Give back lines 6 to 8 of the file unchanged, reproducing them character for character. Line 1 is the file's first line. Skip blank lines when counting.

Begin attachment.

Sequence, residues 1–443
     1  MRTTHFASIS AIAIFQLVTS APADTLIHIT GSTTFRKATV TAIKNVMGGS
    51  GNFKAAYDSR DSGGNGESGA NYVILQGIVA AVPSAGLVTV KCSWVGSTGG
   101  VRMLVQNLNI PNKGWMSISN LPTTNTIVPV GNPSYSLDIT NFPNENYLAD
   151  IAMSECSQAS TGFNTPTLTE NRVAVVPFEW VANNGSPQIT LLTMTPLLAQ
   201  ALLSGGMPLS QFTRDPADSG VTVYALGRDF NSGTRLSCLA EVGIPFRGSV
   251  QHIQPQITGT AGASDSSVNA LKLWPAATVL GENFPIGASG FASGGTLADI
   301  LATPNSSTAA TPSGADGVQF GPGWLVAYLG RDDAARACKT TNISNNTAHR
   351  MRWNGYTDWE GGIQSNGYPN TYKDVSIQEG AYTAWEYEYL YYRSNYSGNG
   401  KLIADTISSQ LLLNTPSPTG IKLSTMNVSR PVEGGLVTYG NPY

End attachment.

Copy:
   201  ALLSGGMPLS QFTRDPADSG VTVYALGRDF NSGTRLSCLA EVGIPFRGSV
   251  QHIQPQITGT AGASDSSVNA LKLWPAATVL GENFPIGASG FASGGTLADI
   301  LATPNSSTAA TPSGADGVQF GPGWLVAYLG RDDAARACKT TNISNNTAHR